- Seat Belt Use. Seat belts are even more effective in preventing injuries and fatalities to older than to younger occupants (Potts et al., 2004). While belt use among older occupants is slightly higher than the national average—91.7% for occupants 70 and older compared to the overall national estimate of 90.7% in 2019 (Enriquez, 2020)—the fact remains that about 8% of older occupants are unbelted. Communications and outreach on the benefits of seat belt use may be more effective with older occupants because they may be more attentive to health and safety issues. In one study, for example, signs urging seat belt use resulted in a substantial increase in belt use in six senior communities compared to controls, and use remained higher after 4 years (Cox et al., 2005). For more information on countermeasures to increase seat belt use, see Chapter Seat Belts and Child Restraints.
As a result of many of the changes and differences referenced above, the fatal crash involvement rate for drivers 65 and older is lower than for drivers younger than 65.
Driver Involvement in Fatal Crashes per 100,000 Licensed Drivers - 2021
Source: NHTSA (2023)
However, since older drivers drive fewer miles annually compared to younger drivers, the fatal crash rate alone does not accurately describe the risk. The average fatal crash rate per mile traveled is higher for drivers 70 and older than for all age groups except drivers 16 to 19 (IIHS, 2023). Unfortunately, the fatal crash rate per mile traveled is also imperfect as older drivers tend to favor local roads that, while are typically lower speed, include more points of potential hazards. Additionally, older adults experience increased fragility and frailty. Fragility, as measured by deaths per drivers involved in crashes, begins to increase at age 60 and rises steadily with advancing age. Older occupants, including drivers, are more likely to sustain a serious injury or fatality than younger occupants. Frailty can also cause long-term health issues that make it difficult for older driver and occupants to recover from injury. Fragility, rather than an increased tendency to get into crashes, accounts for about 60% to 95% (depending on age group and sex) of the increased fatality rates per miles traveled in older drivers (Li et al., 2003).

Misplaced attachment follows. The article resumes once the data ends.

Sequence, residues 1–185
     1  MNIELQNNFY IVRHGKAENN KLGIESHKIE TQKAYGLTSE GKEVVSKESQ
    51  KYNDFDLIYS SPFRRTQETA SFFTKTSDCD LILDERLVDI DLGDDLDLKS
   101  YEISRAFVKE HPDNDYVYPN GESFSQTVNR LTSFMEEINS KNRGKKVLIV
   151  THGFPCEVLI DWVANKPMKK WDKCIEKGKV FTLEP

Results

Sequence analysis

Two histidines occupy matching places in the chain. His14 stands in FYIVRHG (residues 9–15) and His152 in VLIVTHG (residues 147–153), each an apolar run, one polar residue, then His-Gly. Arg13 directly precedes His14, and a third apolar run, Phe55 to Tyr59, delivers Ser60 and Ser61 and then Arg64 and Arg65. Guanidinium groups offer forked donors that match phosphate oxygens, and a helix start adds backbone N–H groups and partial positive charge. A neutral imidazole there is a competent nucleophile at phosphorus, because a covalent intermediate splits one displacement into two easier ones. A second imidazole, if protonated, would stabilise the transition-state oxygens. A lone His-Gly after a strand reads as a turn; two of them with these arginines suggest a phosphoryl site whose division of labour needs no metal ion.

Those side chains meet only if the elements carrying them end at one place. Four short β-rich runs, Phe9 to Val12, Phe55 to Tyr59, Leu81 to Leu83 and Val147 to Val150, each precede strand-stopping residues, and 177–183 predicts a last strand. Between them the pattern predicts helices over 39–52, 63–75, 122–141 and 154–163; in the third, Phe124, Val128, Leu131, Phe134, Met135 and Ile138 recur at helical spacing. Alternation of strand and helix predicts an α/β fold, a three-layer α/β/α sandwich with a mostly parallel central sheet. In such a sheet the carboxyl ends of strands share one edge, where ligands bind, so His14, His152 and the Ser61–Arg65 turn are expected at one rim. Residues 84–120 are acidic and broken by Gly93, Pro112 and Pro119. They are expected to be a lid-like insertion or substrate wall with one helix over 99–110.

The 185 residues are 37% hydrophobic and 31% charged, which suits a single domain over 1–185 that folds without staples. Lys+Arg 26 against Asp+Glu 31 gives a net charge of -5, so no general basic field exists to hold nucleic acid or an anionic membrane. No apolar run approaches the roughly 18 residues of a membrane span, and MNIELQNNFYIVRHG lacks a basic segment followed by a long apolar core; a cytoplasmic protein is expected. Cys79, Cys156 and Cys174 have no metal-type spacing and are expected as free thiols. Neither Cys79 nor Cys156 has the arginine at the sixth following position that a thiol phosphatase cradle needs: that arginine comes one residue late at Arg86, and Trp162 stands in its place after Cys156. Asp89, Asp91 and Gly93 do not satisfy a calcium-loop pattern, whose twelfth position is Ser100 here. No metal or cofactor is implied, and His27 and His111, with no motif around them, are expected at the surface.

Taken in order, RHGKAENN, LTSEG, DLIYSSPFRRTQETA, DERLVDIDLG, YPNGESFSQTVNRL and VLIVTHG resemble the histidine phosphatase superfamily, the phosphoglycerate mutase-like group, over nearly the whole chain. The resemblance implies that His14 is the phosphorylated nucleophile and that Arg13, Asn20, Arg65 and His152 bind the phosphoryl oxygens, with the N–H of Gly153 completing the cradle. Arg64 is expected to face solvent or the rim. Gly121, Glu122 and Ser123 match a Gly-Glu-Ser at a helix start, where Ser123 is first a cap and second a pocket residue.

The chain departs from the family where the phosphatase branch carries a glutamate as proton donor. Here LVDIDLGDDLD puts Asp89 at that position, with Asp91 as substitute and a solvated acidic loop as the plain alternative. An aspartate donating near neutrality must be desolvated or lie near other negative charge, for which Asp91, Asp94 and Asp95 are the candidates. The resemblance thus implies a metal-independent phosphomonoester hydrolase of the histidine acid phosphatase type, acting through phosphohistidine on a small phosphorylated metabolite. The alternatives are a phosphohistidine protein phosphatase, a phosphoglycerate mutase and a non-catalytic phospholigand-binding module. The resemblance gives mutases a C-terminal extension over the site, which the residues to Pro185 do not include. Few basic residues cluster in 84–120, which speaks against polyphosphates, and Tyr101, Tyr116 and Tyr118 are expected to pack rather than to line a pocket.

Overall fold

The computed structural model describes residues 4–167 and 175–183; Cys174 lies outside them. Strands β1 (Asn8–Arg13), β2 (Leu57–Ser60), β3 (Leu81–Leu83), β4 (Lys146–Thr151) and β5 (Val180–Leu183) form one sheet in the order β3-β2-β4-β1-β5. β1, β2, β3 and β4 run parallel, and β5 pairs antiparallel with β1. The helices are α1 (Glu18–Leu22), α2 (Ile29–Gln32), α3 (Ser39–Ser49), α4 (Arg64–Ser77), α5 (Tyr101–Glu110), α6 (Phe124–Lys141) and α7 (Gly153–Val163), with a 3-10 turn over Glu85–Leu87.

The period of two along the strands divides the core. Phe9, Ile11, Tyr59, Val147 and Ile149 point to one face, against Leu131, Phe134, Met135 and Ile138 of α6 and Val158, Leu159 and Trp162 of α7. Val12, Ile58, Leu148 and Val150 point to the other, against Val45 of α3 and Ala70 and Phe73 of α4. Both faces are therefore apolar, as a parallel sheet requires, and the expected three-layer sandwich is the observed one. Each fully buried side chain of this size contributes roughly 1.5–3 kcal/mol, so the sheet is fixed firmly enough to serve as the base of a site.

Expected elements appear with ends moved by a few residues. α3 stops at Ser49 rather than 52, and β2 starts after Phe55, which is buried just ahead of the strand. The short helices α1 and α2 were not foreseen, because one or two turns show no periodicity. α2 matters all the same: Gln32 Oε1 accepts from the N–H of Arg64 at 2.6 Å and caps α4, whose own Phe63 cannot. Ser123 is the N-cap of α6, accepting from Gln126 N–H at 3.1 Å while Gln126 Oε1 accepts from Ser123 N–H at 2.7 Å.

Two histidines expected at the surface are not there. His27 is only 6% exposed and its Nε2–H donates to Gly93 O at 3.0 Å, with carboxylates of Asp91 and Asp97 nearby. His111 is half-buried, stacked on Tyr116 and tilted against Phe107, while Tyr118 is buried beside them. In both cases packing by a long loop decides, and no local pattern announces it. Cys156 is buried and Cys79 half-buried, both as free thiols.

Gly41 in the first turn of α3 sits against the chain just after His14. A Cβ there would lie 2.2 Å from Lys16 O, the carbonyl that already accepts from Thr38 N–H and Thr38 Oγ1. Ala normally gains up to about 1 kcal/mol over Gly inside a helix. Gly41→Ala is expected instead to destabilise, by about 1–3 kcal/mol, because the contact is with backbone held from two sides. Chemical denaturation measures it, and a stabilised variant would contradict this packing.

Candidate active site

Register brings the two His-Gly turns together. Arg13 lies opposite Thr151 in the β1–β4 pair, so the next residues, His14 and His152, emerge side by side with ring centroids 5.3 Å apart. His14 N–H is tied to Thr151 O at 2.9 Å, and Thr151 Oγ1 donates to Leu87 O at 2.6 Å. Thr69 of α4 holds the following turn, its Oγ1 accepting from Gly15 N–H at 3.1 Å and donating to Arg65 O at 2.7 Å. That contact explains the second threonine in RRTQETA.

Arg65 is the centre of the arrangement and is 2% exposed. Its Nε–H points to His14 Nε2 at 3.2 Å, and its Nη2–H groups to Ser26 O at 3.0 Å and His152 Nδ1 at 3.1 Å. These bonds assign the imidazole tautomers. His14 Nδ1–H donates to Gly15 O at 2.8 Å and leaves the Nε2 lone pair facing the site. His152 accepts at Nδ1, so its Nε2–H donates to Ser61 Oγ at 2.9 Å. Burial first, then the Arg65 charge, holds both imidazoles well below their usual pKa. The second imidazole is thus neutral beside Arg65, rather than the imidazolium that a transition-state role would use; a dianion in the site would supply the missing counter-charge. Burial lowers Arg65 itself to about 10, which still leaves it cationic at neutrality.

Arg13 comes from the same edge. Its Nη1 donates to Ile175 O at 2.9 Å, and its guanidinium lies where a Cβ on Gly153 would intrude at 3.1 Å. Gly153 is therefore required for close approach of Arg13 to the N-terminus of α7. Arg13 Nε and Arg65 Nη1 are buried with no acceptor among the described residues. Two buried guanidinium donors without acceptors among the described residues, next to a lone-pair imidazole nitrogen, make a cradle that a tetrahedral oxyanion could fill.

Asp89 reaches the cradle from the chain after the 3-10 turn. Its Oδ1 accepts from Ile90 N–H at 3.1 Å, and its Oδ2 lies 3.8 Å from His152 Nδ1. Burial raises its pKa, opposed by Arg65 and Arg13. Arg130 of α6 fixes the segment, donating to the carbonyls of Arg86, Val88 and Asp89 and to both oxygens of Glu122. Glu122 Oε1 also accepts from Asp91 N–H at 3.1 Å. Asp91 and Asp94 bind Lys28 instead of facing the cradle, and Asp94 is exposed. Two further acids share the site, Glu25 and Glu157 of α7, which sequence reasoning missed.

Of all the subject areas in this countermeasure guide, those related to older drivers are perhaps the most complex because they involve so many issues beyond traffic safety. Driving cessation can have a substantial effect on an older adult’s mobility and on physical and mental health. Sooner or later, in the interest of safety, most older people must restrict or cease driving, either by choice or as the result of the State licensing authority restricting or revoking their license. SHSOs and licensing agencies are encouraged to plan and implement their older driver policies and programs as part of integrated community activities to improve older people’s safety, mobility, and health.